La Dolce Vita e ancora La Dolce Vita.

09 Agosto 2020 Fonte: Rino Barillari Pubblicato da: GQ – Condé Nast – Britain



Autore: Chris Sullivan


ROMAROMEROM Su simpatica segnalazione del Re di Paparazzi Paparapazzi, l’intramontabile Rino Barillari, su pagine di vita impresse in modo indelebile nella memoria e nel più colorito e gioioso immaginario dei popoli della seconda metà del XX secolo …. nella più affascinante tradizione dell’arte in cui Michelangelo Florio (altrimenti noto come W.S.) secoli prima raggiunse vette altissime.

The King of Paparazzi, Rino Barillari › italianIl sito ufficiale di Rino Barillari , Il Re dei Paparazzi Paparapapazzi, tutte le foto della dolce vita. … Home page · Contatta The King 

Roma – Rino Barillari al Premio Europeo Capo Circeo 2019

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Sixty years on, La Dolce Vita is a memory of a Rome that no longer exists

By Chris Sullivan

Sixty years on and Fellini’s blasphemous and fabulous magnum opus is still one of the most stylish films ever made. While Rome’s face may not change, Chris Sullivan returns to see if he can find the things that made the film pop

Universally acknowledged as the most stylish movie ever made, director Federico Fellini’s three-hour magnum opus La Dolce Vita – rereleased to celebrate its 60th anniversary and the auteur’s centenary – stands as a staggering achievement in the history of cinema. Acutely apposite for a country that had arisen from the devastation, and consequent poverty, of the Second World War to grasp a new prosperity that, described as “il boom”, the film, when first aired in Milan on 2 February 1960, cleaved the country in half.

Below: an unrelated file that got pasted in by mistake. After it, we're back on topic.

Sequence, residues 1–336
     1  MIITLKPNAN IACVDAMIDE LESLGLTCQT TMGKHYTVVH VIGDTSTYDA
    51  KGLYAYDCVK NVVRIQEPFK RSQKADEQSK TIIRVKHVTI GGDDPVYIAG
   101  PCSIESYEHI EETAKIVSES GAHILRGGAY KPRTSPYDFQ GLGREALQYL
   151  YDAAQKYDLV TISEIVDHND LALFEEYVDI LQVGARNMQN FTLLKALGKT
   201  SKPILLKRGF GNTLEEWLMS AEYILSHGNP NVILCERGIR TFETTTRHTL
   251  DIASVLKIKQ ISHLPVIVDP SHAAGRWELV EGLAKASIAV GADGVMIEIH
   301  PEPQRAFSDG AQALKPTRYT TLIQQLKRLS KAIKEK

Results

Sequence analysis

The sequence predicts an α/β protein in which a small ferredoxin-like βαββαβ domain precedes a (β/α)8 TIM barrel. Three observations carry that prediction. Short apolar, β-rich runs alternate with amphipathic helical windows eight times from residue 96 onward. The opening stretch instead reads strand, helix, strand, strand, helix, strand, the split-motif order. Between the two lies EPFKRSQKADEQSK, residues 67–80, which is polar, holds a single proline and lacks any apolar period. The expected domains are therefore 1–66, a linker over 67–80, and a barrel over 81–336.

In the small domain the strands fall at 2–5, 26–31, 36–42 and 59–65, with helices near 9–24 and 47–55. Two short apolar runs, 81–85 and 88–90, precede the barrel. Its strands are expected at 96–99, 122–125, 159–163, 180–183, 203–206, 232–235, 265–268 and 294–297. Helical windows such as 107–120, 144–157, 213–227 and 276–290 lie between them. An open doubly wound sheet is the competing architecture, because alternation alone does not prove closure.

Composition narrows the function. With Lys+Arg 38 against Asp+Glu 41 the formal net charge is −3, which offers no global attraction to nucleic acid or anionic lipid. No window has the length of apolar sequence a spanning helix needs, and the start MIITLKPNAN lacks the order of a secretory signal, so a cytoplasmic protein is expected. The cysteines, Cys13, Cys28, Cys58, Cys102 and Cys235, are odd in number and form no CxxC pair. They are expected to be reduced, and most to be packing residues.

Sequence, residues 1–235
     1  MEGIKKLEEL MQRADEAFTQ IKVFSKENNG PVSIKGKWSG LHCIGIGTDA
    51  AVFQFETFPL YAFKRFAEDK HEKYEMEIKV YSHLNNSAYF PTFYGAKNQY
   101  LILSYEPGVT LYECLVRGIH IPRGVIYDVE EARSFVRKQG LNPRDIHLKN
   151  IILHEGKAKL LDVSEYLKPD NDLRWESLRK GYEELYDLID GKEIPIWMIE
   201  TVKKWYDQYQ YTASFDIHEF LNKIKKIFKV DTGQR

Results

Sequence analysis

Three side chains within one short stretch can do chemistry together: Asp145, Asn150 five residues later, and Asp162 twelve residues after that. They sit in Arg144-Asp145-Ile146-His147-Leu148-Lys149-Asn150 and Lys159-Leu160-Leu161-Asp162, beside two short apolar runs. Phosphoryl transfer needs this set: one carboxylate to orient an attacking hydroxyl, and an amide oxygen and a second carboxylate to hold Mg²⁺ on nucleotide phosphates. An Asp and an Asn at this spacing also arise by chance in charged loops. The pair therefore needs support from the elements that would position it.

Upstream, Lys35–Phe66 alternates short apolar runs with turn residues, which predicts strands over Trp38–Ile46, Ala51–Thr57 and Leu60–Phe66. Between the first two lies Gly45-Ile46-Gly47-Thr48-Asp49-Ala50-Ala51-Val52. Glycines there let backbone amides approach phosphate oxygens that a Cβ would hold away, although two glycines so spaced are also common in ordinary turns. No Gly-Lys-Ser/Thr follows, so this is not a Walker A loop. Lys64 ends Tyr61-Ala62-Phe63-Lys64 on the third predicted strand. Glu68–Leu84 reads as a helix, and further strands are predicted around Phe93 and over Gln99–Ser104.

Because of La Dolce Vita’s impertinent blasphemy and frank consideration of homosexuality, prostitution, adultery and sex, Fellini was seen as the Devil incarnate by the fundamentalist Catholic right. He was spat on at the premier and received more than 450 telegrams in 24 hours that condemned him as a communist, a traitor, an atheist and a total gobshite. Many others, however, deemed him the new Messiah and cheered him till they were hoarse. Accordingly, the film won the Palme d’Or at the 1960 Cannes Film Festival and became a cri de coeur for the young and stylish. Its title entered the English language to denote a libertarian lifestyle that, not without barbs, is anything but saccharine: its compelling indictment of the decadence of modern life and mass consumerism is even more evident in 2020. Typically, Fellini claimed he’d used the phrase without any irony to indicate “the sweetness of life” rather than “the sweet life”.

The film tells of a week in the life of an insouciant flâneur, Marcello Rubini (perfectly rendered by established matinée idol Marcello Mastroianni), a middle-class scribe who has sidelined his literary ambitions to become a gossip columnist. As such he buzzes about the party circuit reporting on the thrilling undertakings of the well-heeled epicureans who strut and preen around the extremely fashionable Via Veneto. Here, as in real life, international movie stars mingled with mobsters, collided with crooks, jostled with gigolos and piddled with impoverished Italian princes who didn’t have a pot to piss in. It was fertile ground for gossip columnists, who worked for Italian sensationalist magazines and tabloids that turned over a million copies a week.